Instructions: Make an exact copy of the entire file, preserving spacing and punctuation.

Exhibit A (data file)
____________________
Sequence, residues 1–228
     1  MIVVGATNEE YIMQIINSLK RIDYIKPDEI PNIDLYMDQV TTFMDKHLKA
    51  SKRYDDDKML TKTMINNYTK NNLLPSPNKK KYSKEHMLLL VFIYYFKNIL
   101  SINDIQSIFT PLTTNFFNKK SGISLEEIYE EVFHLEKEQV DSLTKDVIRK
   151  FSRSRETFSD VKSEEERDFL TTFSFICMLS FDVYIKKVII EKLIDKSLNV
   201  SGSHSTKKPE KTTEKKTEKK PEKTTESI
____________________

Sequence, residues 1–228
     1  MIVVGATNEE YIMQIINSLK RIDYIKPDEI PNIDLYMDQV TTFMDKHLKA
    51  SKRYDDDKML TKTMINNYTK NNLLPSPNKK KYSKEHMLLL VFIYYFKNIL
   101  SINDIQSIFT PLTTNFFNKK SGISLEEIYE EVFHLEKEQV DSLTKDVIRK
   151  FSRSRETFSD VKSEEERDFL TTFSFICMLS FDVYIKKVII EKLIDKSLNV
   201  SGSHSTKKPE KTTEKKTEKK PEKTTESI